By John Wasik
CHICAGO Oct 28 (Reuters) - In the shadow of the bungled rollout of the U.S. Affordable Care Act health insurance exchanges, a handful of companies are quietly profiting from the biggest expansion of healthcare since Medicare in the mid-1960s.
Companies that were supposed to be collateral damage from the new wave of ACA regulations have become Wall Street darlings. Those that specialize in health records technology, insurance and pharmaceuticals will benefit from the need for more drugs, medical services and policies through the state and federal exchanges.
In its first weeks, the ACA healthcare exchange websites were swamped with more than half a million Americans applying for insurance, with more than 19 million visiting the federal site alone. Despite numerous technical roadblocks, those strong traffic numbers bode well for companies that benefit from selling new policies along with the Medicaid expansion that is part of the new health law.
"ACA is here to stay," says Alex Gurvich, a portfolio manager for the Rockledge Group in New York. "It will go through some changes, but the fundamental valuations support outperformance in the healthcare sector. A lot of companies did poorly coming up to the ACA rollout, but it turned to be the other way around."
The most obvious beneficiaries have been mega-insurers such as UnitedHealth Group Inc, whose shares at Friday's close were up more than 22 percent over the past year. That is nearly 5 percentage points better than the Standard & Poor's 500 Index.
Less-visible plays such as WellPoint Inc, which operates under Blue Cross/Blue Shield licenses in 14 states, have also done well. The stock is up 37 percent over the past year.
Why have private insurance companies done so well when the focus is on public exchanges offered through the ACA? Because the healthcare law provides a conduit to private insurance, along with consumer protections that eliminates discrimination for pre-existing conditions.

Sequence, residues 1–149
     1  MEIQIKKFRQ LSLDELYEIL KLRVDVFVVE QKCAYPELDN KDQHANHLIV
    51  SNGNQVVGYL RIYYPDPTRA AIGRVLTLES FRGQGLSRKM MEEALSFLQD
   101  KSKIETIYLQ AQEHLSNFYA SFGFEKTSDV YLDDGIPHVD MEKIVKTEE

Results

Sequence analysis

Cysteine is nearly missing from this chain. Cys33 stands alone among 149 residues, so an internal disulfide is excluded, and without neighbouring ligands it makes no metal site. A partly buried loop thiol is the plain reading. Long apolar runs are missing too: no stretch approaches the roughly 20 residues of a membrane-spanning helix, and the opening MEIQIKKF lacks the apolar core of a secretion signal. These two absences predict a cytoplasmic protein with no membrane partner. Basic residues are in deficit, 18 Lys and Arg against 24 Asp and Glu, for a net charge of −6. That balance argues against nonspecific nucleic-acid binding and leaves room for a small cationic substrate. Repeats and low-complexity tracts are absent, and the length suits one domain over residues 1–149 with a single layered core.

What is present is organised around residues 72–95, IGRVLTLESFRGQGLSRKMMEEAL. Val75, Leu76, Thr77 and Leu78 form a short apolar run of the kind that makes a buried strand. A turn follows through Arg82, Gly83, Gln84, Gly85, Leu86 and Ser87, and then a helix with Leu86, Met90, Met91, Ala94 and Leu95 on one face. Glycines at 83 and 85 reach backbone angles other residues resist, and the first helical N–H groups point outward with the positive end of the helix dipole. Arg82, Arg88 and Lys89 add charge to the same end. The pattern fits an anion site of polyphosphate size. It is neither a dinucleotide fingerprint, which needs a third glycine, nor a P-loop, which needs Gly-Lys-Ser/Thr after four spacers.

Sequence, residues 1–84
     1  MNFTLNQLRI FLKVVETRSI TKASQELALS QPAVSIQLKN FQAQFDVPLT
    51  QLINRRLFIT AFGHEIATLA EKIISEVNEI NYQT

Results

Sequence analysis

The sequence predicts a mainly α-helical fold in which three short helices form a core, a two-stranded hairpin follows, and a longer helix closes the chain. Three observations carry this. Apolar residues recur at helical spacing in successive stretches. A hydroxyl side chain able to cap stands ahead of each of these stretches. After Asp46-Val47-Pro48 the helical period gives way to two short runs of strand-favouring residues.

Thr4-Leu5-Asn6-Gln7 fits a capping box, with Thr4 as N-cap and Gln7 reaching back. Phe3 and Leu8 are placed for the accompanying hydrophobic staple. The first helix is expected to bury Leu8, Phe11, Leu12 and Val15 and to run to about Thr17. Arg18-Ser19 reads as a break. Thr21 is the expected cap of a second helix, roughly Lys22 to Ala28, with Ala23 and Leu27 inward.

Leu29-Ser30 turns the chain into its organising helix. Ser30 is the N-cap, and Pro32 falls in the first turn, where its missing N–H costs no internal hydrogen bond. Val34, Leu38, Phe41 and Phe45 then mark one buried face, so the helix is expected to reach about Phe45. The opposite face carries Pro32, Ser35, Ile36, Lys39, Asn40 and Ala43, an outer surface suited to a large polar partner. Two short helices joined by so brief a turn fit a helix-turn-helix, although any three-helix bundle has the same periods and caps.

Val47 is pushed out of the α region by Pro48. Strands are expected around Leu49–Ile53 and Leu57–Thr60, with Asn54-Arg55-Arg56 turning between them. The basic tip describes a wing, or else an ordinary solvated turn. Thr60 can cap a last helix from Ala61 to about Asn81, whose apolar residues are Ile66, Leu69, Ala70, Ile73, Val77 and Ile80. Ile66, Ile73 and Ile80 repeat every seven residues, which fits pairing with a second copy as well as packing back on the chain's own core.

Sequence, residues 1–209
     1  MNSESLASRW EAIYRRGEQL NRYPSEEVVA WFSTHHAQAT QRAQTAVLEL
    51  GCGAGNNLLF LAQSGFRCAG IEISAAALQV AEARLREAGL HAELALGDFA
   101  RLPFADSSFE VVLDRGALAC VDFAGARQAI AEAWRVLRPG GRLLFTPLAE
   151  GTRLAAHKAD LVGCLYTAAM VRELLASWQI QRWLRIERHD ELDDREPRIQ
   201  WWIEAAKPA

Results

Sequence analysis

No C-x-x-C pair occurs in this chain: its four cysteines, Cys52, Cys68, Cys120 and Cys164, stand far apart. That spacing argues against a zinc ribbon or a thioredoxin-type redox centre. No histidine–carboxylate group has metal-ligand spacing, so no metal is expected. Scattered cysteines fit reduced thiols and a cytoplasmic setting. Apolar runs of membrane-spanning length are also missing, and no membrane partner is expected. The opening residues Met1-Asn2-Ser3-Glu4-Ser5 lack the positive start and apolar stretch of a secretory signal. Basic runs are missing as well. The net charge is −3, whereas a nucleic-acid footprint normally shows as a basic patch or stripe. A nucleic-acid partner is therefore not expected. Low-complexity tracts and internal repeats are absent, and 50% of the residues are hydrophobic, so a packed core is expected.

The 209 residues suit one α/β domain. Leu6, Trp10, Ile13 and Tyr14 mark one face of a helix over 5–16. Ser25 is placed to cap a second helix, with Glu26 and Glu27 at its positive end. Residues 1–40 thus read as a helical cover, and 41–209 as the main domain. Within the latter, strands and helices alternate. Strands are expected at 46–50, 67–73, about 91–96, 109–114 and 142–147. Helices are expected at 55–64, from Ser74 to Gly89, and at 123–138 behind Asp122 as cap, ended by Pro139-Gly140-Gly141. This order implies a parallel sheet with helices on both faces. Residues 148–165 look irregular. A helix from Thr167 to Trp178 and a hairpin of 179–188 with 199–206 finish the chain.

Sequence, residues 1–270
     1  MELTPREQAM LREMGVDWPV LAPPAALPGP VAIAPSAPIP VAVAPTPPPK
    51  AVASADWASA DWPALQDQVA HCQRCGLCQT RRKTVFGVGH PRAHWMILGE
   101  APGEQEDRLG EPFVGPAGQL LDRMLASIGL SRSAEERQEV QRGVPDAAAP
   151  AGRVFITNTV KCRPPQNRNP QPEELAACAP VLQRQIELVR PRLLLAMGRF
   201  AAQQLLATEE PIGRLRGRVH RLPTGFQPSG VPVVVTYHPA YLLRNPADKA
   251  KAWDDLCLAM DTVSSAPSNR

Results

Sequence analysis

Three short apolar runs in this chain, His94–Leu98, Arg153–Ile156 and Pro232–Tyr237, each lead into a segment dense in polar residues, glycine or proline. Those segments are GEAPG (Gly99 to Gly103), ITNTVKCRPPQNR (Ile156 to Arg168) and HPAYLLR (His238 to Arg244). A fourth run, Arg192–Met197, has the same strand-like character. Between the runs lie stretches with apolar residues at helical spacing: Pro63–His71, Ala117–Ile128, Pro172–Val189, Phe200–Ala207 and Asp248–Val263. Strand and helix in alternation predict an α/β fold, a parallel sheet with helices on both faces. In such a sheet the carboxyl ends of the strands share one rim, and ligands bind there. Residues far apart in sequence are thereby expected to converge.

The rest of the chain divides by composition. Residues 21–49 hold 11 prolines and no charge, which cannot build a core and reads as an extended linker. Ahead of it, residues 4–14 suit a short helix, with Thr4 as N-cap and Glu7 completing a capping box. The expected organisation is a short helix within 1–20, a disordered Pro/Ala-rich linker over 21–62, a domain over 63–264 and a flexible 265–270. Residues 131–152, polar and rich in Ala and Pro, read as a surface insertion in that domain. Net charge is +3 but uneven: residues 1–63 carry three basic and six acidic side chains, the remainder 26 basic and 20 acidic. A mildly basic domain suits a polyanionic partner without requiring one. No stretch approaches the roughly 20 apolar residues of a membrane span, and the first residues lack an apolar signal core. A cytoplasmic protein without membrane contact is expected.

The prospect of adding up to 30 million new customers through the public exchanges will also lead to purchases of technology and medical equipment. To offer competitive rates to millions of Americans, insurers and providers alike will need to invest in cost-effective software and hardware that automates everything from billing to medical records.
The medical equipment and healthcare provider subsectors appear to be undervalued at present, according to Gurvich.
For example, shares of Express Scripts Holding Co, which offers healthcare administration and management services, are in bargain territory with a forward price/earnings ratio of 12, compared with 18 for the S&P 500 and 24 for the healthcare sector. Still, the stock is up nearly 13 percent year to date.
Rather than just a handful of stocks, though, an entire portfolio that holds insurance, technology and pharmaceutical companies makes for a more diversified sampling of the sector.
The iShares U.S. Healthcare Providers ETF is a good place to start. It reflects the Dow Jones U.S. Select Healthcare Providers Index and costs 0.46 percent annually for management expenses.
The fund, which owns insurers such as Aetna Inc, Humana Inc and service companies such as Quest Diagnostics Inc, is up 27 percent over the past year.
A worthy alternative is the Vanguard Health Care ETF , which rose nearly 35 percent in that time and costs much less to own than the iShares fund - 0.14 percent annually. The Vanguard fund has a much more concentrated focus on pharmaceutical and biotech stocks, with its top holdings in mega-cap companies like Johnson & Johnson and Pfizer Inc .
Since the full ACA rollout will occur over the next several years, managers like Gurvich see the U.S. healthcare sector thriving for the foreseeable future. Not only is it in a growth mode, but it also is a solid, defensive play as the country ages.
There is no glitch in that scenario.